At nearly eighty minutes, this largely instrumental and unashamedly grandiose album can start to seem like a drag if you’re not in the right mood. There’s pomp and prettiness galore, but little to genuinely

involve you- it’s all flash and mirrors, and for all the muso showmanship the songs are actually simple and repetitive affairs at bottom, following the same repeated descending chord structures throughout. But that said, its easy to succumb to its obvious, sentimental charms, particularly in the company of a bottle of good red wine or certain other combustible comestibles when one’s inner 70s rock man emerges cro-magnon like from his sub-conscious cave. Overblown and out of time as it may be, something about The Weirding is also absolutely wonderful.

Artist: Astra
Album: The Weirding
Genre: Space Rock, Progressive
Date: 2009
Country: US
Label: Rise Above
Catalog: RISECD120


01. The Rising of the Black Sun 5:44
02. The Weirding 15:27
03. Silent Sleep 10:41
04. The River Under 8:41
05. Ouroboros 17:23
06. Broken Glass 3:45
07. The Dawning of Ophiuchus 5:29
08. Beyond to Slight the Maze 11:36

MP3 @ 320 Size: 182 MB
Flac  Size: 433 MB



The Black Chord is an album by American progressive rock band Astra. It is their second album, released in the United States on March 27, 2012 on Metal Blade Records, and on April 16 in the United

Kingdom on the independent label Rise Above Records. The album inspired positive reviews upon release, and was praised for its even more psychedelic and space rock feel as well as higher production values compared to their debut The Weirding. The heavy metal review at stated "San Diego maestros Astra craft expansive suites that hearken back to the original root of mind-expanding, unrestrained and genuinely progressive rock.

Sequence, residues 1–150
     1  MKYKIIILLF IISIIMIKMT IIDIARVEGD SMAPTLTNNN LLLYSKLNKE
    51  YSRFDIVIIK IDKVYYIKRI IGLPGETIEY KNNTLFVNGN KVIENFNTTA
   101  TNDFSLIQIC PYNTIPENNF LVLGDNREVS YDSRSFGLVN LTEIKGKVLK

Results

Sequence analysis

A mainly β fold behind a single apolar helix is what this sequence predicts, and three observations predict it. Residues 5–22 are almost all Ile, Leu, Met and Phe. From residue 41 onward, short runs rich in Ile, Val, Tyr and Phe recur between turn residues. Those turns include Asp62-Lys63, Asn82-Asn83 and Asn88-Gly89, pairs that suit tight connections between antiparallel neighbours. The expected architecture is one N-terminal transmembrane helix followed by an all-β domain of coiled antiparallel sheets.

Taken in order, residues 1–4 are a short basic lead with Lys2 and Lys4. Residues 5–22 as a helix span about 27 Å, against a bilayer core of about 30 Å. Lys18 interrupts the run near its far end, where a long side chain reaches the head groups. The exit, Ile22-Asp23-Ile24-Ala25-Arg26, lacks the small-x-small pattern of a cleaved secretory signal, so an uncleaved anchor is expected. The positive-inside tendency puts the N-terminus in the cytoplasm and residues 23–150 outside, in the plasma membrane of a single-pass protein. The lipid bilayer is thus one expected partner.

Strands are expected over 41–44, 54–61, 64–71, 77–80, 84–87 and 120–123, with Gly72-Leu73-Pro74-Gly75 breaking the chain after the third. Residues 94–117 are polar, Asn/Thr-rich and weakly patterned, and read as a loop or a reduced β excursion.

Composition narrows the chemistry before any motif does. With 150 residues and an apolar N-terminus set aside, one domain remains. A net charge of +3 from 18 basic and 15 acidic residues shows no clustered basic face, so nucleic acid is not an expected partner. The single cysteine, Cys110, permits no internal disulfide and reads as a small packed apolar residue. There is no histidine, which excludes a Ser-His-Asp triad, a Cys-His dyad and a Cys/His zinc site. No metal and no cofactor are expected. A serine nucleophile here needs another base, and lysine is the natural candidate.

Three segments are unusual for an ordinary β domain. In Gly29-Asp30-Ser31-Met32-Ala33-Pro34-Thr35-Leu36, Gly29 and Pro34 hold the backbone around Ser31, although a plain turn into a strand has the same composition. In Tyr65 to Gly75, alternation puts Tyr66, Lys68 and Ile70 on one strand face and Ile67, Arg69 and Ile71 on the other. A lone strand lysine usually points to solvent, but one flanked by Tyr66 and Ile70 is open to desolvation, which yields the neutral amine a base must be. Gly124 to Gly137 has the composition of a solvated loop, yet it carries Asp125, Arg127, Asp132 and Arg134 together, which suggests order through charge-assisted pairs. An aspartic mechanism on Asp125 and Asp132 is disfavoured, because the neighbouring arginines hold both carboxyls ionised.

Rich with hallucinogenic and hypnotic promise, and slathered in layers of vintage, billowing instrumentation, the band's stunning sophomore album, The Black Chord, expertly evokes the spirit,

tone and vision of '70s cosmic prog." described the album as "combining the dark grooves of Sabbath, with the improvisational tangents of King Crimson, the moods of the early eras of both Yes and Genesis, as well as hints of space rock from Hawkwind… the use of crunched guitars, brass, woodwinds, a variety of Mellotron sounds and Moog/analog synths, syncopated jazz drumming, and growling bass… yield honest results as everything sounds organic…." According to Sound Colour Vibration, there is a "depth and reality that a lot of progressive rock bands fail to obtain."

Astra encompass odd time sigs, symphonic mellotron soaked scapes with heavy psyched up guitar riffs

and gentle meandering vocals. There is nothing better than hearing the modern band maintain the spirit of the 70s in such an affectionate manner. It is never contrived or forced because Astra are true to themselves and consistent in their inventiveness and innovation; not stealing but merely honouring the heritage of prog. This album is a paradise for prog addicts and definitely one of the masterpiece albums of 2012 thus far.

Astra ‎– The Black Chord
Label: Metal Blade Records ‎– 3984-15087-2, Rise Above Records ‎– 3984-15087-2
Format: CD, Album
Released: 2012
Genre: Rock
Style: Psychedelic Rock, Prog Rock


01. Cocoon   8:43
02. The Black Chord    14:58
03. Quake Meat     6:39
04. Drift    4:37
05. Bull Torpis      2:54
06. Barefoot in the Head   9:13

MP3 @ 320 Size: 109 MB
Flac  Size: 295 MB


Falling apart from everyone
Follow the setting sun
Out of time
Caught in the siphon circle
Braincaged in the dark
Deeper down, mirrored without a sound

Time and again it fades away
Hollow the patterning fray
Reason rime
Unravelling the webwork
River rust, turning to carbon dust

Spirit the hours, day after day
Chasing the bright side, losing the way

Burning out and barefoot in the head
I'm hanging by a thread the writing on the wall
Lost and bound inside the grey machine
And nothing in between can break the final fall

Shadow the winding mind from here
Prophet and prey to the fear
Draw the line
Just on the lunatic fringe
Balancing there
On the edge, driving another wedge

1 comment:

  1. Hello! Thank you for this not very much known band, I pleased to know they're still activ. I bought "The Weirding" in 2009 and I look forward to listening to the second one. Thanks !